Looks to me like the $700 billion rescue package may have been $1.6 billion too large:
Banks that are getting taxpayer bailouts awarded their top executives nearly $1.6 billion in salaries, bonuses, and other benefits last year, an Associated Press analysis reveals.
The rewards came even at banks where poor results last year foretold the economic crisis that sent them to Washington for a government rescue. Some trimmed their executive compensation due to lagging bank performance, but still forked over multimillion-dollar executive pay packages.
Benefits included cash bonuses, stock options, personal use of company jets and chauffeurs, home security, country club memberships and professional money management, the AP review of federal securities documents found.
The total amount given to nearly 600 executives would cover bailout costs for many of the 116 banks that have so far accepted tax dollars to boost their bottom lines.
A lot of people are going to read this as a confirmation of the Sirota/Pence view that government intervention was unnecessary. I don’t see it that way. Credit conditions really did improve post-bailout, rather than get worse as it looked like they might have. The right thing to do is keep the crosshairs where they belong — on George W. Bush and Hank Paulson who decided to implement their recapitalization scheme in an irresponsible manner. Normally, when you “inject capital” into an enterprise you get a share of the action — board seats, voting shares, etc. — not just a dividend. That way, the public’s representatives would have had a way to ensure that the public interest was safeguarded as banks played with the public’s money. But Bush and Paulson care more about ideological correctness (free market!) and helping their buddies (Goldman!) than they do about safeguarding the public interest. Since there was no way to bring an alternative, less horrible administration to power back in October, I see no real alternative to doing something and then letting Bush and Paulson implement it poorly.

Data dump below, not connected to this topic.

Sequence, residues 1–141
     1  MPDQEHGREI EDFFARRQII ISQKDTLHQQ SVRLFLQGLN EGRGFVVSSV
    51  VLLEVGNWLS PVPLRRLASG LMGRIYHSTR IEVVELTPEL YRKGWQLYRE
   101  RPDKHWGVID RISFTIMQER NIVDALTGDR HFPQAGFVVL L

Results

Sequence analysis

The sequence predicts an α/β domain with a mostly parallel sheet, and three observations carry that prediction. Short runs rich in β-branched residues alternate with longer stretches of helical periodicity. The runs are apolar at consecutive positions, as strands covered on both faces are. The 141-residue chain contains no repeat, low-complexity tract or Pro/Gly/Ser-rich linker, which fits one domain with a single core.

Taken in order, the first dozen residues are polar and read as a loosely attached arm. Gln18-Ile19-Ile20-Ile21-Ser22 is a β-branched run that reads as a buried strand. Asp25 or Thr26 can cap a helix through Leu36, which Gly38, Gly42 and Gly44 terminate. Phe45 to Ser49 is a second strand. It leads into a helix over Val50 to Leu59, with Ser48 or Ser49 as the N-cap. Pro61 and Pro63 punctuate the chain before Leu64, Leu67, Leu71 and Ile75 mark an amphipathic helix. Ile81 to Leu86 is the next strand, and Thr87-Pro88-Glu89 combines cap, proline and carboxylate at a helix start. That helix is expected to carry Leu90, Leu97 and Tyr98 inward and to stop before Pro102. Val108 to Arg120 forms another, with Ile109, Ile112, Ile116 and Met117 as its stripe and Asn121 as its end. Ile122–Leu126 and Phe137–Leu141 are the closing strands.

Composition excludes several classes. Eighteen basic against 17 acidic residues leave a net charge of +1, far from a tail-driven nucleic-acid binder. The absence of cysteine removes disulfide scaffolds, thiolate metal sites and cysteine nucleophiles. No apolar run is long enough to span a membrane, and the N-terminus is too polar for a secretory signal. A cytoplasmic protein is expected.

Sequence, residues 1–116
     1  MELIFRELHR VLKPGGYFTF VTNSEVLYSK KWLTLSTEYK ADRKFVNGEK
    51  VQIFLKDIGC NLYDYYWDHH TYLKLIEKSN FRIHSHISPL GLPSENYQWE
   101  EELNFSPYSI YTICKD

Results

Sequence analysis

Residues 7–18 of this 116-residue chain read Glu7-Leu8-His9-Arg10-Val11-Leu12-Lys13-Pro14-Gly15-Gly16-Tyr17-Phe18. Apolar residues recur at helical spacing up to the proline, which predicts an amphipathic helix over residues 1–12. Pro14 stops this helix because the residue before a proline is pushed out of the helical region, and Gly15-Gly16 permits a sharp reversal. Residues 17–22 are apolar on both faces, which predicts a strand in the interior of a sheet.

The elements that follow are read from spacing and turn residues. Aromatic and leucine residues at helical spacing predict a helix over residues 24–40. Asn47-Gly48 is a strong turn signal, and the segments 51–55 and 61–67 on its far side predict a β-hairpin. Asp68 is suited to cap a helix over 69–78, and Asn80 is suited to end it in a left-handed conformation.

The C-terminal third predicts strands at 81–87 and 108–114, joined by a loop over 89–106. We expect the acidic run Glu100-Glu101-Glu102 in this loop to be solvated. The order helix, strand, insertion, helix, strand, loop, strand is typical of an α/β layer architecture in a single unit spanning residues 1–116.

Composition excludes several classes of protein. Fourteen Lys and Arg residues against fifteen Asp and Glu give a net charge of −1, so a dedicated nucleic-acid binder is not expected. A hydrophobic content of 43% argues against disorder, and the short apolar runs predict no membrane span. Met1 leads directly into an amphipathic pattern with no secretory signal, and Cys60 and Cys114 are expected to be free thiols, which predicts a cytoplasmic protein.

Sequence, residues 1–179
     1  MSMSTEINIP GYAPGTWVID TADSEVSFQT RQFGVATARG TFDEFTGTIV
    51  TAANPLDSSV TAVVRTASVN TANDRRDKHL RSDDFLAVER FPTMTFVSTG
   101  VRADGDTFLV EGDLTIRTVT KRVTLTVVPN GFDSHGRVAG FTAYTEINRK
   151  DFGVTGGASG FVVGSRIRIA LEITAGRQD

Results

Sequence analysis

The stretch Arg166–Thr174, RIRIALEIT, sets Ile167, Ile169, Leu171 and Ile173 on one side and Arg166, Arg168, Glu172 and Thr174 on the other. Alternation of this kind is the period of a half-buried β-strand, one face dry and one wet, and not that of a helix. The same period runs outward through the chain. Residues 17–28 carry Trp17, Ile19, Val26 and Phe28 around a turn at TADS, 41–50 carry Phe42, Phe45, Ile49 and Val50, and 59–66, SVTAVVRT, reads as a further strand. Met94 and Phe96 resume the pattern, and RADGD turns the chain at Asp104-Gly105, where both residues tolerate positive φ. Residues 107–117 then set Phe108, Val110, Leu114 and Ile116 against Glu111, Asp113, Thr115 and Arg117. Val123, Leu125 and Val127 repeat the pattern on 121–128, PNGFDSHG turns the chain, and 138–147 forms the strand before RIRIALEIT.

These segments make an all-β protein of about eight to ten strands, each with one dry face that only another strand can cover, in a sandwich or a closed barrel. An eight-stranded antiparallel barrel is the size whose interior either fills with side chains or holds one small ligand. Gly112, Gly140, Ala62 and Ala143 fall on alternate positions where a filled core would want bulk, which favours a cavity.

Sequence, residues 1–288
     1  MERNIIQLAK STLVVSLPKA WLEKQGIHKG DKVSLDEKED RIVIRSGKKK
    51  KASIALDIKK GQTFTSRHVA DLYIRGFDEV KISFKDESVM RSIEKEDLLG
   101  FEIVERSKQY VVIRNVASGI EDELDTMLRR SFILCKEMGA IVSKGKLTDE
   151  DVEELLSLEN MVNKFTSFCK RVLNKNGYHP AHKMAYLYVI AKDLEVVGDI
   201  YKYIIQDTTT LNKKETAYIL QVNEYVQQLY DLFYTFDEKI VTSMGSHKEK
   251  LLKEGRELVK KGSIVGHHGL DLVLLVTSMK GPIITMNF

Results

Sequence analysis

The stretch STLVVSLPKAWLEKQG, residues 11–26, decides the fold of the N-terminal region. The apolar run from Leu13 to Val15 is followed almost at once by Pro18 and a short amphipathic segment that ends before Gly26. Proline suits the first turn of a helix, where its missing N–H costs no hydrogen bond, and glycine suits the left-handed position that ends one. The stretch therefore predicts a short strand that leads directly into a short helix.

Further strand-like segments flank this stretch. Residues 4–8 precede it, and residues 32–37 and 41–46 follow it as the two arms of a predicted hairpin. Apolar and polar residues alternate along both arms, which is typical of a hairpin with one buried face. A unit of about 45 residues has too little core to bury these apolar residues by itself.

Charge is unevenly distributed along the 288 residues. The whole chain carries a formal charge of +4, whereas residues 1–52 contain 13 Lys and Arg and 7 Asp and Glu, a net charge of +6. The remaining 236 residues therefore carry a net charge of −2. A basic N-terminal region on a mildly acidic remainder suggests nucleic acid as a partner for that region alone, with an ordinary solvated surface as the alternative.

The question is, can Barack Obama do any better? With good reason, we’re not ordinarily comfortable with the government exerting vast control over the banking sector. But also with good reason, we’re not ordinarily comfortable with the government “injecting” hundreds of billions of dollars into the industry. But if the latter step is necessary, then so is the former.